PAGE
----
TOKYO, JAPAN – When law enforcement took over the camps outside of Standing Rock in February 2017, many activists promised the fight was not over.
Nearly a year and a half after the last tent was pulled down, billions of dollars have been divested from banks associated with the controversial Dakota Access Pipeline. The pipeline’s parent company, Energy Transfer Partners, fast tracked permits to run the 1,172-mile pipeline on land that once belonged to the Standing Rock Sioux Nation to push an oil pipeline under the Missouri River.
A prominent activist involved in the fight travelled to Tokyo this month after being invited to speak on why Japanese banks should divest from supporting the pipeline. On May 28, Myron Dewey, founder of Digital Smoke Signals, met with the first of three banks, Tokyo Mitsubishi UFJ Bank, and said the meeting went well. Indigenous rights attorney, William Patrick Kincaid, of the Cheyenne Nation, also spoke with bank representatives.
“International divestment is gaining momentum,” Dewey, a Native journalist and filmmaker, said. “They agreed to meet and listen, which is a huge step.”
The meeting occurred after an 11,000-signature petition was sent to three banks. The Ainu tribe from Japan, and the Maori people in New Zealand, were included in the petition. Dewey and Kincaid also plan on speaking with representatives from the Mizuho Bank and the Sumitomo Mitsui Financial Group, who together with MUFJ contributed $1.5 billion to the $3.8 billion pipeline.
“These banks are signatories to the Equator Principal which the DAPL pipeline project they are funding violates on three accounts: environmental, occupational, and social,” a press release stated.
A documentary film Dewey created called “Awake,” which is currently featured on Netflix, has also been translated into Japanese.
Two Norway banks already withdrew financial support from the pipeline in 2016. In February 2017, the city of Seattle voted unanimously to establish an ordinance barring local government from doing business with Wells Fargo, an investor of the Dakota Access Pipeline.
The San Francisco Board of Supervisors also passed a resolution for the city to setup a special screening process to discover companies with ties to DAPL, which make up about 12 percent of the city’s portfolio.
A year ago, California cities Davis and Santa Monica also pledged to drop future banking contracts with Wells Fargo. Davis withdrew $124 million, and Santa Monica took its $1 billion account elsewhere, according to media reports.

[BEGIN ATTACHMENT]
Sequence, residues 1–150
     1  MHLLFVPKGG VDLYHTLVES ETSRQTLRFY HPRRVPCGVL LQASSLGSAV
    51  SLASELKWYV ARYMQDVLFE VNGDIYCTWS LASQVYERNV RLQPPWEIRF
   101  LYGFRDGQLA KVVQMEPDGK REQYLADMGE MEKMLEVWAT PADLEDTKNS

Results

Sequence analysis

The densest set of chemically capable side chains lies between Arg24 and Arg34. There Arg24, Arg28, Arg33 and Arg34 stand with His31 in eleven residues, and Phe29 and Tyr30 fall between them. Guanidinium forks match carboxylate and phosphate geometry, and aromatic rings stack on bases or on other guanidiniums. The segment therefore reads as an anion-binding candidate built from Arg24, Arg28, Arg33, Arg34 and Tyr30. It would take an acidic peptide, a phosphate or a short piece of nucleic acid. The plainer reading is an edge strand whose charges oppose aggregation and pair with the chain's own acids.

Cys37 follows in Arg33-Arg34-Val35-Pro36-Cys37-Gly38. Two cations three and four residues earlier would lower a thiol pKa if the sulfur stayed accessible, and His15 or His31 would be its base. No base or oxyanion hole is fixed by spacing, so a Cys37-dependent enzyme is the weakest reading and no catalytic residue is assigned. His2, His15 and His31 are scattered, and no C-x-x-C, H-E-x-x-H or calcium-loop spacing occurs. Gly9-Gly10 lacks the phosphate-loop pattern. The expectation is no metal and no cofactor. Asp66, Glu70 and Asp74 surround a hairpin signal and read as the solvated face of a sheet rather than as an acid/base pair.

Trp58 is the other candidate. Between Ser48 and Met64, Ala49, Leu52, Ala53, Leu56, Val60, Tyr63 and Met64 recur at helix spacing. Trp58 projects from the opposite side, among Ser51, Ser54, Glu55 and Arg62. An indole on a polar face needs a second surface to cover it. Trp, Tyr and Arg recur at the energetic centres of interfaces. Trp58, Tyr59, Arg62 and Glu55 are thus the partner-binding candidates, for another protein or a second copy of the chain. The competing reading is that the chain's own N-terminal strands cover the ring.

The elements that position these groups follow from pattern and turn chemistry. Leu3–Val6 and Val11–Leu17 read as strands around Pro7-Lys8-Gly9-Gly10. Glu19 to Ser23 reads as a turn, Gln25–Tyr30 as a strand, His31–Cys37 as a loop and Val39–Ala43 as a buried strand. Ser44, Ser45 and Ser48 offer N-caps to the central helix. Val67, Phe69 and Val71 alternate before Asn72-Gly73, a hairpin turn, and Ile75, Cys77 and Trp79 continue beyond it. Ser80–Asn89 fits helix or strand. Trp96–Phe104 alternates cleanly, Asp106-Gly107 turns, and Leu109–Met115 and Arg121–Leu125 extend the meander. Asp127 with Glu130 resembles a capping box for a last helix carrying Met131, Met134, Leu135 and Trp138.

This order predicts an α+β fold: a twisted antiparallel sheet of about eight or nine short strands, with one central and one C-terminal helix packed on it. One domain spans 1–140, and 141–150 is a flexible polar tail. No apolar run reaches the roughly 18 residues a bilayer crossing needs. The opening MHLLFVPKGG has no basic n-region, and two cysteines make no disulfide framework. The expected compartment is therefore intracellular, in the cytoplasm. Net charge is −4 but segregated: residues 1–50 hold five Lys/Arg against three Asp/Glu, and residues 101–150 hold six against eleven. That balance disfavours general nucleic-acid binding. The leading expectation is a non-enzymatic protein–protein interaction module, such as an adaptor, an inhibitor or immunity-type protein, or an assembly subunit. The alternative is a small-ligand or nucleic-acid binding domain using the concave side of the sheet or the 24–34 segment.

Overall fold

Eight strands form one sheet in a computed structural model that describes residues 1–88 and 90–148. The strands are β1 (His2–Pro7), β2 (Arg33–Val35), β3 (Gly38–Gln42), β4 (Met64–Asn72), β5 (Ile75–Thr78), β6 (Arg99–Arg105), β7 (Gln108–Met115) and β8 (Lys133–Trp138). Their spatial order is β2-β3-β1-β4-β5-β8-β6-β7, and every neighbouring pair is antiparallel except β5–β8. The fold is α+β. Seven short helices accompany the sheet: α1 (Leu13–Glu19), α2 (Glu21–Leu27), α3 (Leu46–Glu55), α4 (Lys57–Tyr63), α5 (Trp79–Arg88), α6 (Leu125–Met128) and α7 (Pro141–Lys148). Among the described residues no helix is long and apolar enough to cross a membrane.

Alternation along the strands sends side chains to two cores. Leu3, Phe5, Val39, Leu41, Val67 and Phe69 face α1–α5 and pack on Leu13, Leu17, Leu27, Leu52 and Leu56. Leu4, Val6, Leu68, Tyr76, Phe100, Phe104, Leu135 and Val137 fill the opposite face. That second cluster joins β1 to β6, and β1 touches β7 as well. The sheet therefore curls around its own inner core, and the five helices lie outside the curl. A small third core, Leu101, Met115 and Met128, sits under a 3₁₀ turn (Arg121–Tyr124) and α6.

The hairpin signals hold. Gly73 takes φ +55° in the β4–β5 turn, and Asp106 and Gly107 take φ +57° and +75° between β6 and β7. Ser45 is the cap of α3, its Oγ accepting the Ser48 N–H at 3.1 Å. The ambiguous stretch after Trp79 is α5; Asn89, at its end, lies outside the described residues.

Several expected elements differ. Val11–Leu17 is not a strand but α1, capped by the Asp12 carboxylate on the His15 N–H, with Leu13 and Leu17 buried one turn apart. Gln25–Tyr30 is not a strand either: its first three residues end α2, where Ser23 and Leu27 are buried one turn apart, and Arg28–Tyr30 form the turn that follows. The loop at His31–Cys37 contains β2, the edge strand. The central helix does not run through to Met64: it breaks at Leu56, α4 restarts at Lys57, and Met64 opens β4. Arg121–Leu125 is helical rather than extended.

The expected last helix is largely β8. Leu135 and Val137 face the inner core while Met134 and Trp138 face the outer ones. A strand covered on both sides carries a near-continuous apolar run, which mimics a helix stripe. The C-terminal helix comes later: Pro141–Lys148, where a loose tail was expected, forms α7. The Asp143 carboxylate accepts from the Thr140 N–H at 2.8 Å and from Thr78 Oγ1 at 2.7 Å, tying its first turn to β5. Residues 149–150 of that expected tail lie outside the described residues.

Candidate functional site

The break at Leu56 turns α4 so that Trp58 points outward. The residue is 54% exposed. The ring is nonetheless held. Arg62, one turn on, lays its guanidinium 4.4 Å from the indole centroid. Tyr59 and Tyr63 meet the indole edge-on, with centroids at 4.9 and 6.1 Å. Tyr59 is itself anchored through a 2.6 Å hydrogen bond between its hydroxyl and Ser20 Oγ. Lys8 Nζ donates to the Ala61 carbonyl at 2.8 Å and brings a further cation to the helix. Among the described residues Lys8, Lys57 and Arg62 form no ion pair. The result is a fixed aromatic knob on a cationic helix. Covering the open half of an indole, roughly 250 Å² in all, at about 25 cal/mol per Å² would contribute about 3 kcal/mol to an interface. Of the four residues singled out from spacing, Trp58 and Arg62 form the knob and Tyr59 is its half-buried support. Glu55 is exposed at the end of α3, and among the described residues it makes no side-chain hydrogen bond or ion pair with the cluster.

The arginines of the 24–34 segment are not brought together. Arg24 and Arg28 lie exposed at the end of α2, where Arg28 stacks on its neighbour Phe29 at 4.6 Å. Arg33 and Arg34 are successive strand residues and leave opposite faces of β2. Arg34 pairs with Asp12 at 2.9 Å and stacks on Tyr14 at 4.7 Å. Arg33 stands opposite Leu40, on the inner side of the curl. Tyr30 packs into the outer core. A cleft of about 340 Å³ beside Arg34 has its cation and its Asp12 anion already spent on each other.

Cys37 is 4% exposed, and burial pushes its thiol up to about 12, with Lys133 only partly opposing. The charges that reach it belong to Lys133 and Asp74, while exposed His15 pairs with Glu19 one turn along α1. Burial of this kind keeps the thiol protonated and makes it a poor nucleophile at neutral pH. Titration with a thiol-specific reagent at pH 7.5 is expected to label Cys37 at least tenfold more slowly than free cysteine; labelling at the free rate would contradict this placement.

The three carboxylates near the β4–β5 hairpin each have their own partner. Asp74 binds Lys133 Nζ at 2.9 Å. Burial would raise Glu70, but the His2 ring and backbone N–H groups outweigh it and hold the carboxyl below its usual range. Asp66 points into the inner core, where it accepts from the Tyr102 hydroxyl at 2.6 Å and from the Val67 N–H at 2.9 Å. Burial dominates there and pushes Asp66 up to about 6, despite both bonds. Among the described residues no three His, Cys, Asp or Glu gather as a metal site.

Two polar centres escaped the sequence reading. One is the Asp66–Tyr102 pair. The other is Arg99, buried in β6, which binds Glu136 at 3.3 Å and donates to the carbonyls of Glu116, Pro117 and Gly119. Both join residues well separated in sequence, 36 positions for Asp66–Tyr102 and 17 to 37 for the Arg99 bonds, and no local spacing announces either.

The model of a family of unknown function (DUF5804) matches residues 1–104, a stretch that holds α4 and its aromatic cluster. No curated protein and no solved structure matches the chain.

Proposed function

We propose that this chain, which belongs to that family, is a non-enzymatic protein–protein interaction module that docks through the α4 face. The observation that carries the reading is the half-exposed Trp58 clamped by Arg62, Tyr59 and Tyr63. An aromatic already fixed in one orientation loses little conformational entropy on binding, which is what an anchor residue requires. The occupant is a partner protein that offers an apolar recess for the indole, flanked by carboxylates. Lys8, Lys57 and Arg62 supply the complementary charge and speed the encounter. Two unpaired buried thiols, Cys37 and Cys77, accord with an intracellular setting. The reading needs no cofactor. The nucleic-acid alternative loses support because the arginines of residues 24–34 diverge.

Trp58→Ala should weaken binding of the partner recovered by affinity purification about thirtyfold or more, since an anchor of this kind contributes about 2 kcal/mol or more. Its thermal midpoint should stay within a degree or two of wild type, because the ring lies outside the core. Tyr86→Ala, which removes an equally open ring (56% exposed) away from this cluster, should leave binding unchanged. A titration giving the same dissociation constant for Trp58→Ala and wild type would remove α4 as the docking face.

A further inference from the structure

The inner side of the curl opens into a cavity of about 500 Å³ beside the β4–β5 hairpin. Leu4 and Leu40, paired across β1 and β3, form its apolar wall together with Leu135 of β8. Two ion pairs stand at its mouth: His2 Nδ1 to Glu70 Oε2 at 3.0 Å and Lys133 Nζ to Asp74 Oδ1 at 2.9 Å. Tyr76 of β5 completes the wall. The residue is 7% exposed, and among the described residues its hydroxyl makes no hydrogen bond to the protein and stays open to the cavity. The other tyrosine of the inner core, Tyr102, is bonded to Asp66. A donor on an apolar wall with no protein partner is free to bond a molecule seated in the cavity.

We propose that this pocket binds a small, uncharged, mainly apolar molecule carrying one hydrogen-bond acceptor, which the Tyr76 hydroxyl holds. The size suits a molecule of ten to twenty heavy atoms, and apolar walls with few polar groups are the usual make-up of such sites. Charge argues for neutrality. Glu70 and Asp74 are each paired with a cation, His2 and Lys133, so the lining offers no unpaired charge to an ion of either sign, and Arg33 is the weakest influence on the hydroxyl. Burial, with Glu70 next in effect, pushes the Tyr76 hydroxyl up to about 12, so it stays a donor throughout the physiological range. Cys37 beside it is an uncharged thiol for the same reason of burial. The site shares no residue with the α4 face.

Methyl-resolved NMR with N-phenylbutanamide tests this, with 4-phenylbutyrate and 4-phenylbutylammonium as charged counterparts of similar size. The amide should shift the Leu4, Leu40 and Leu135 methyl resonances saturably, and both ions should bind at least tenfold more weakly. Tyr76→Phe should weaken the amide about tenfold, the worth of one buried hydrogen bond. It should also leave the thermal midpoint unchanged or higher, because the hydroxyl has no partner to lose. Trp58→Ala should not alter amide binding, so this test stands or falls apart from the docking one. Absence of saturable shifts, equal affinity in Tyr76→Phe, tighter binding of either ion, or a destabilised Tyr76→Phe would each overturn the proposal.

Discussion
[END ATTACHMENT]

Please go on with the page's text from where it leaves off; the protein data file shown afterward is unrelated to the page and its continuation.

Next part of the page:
A total of $4.3 billion has already been divested from banks affiliated from the Dakota Access Pipeline, according to DefundDAPL, an organization focused on pulling financial support from the pipeline. Wells Fargo, Citibank, Chase, Bank of America, Mizuho, Goldman Sachs, Deutsche Bank, Scotiabank, SunTrust, TD, Credit Agricole, RBC, and HSBC are still listed as active investors.
Governor Doug Burgum wants Bakken oil business to do better, and has set a high goal two million barrels of oil to be drilled every day. Protests simmered and died after President Trump’s Administration signed one executive order after another greenlighting oil drilling and pipeline building, but many cases from the Dakota Access Pipeline controversy have been dismissed by state prosecutors.
Officially, 761 people were arrested during the months-long opposition to the Dakota Access Pipeline, and as of July 2017, 114 cases had been dismissed by the state. Eleven people received guilty verdicts; 50 pleaded guilty – primarily on lesser charges -- and three have been acquitted.
Dewey, a Paiute-Shoshone from the Walker River Paiute Tribe and Temoke Shoshone in Nevada, walked free of a stalking charge that stemmed from the 2016 protests after Morton County prosecutors dropped the charge against him.
The city of Fargo has had a long-term relationship and has received favorable rates from Wells Fargo, Mayor Tim Mahoney said.
“We’ve done banking with Wells Fargo for quite some time, and they have our $200 million loan for the diversion, so it would be difficult,” Mahoney said. “Right now, it’s more of a business relationship we have, it would be extremely difficult to walk away from that.”
Although the relationship is complicated, it’s not something Mahoney would object to discussing, if brought before the city’s commission, he said.
“We could talk to them about it,” Mahoney said. “We’re working well with the bank we’re dealing with right now. I would have to see what the city commissioners would want to do about it, but no one has brought it to our attention.”
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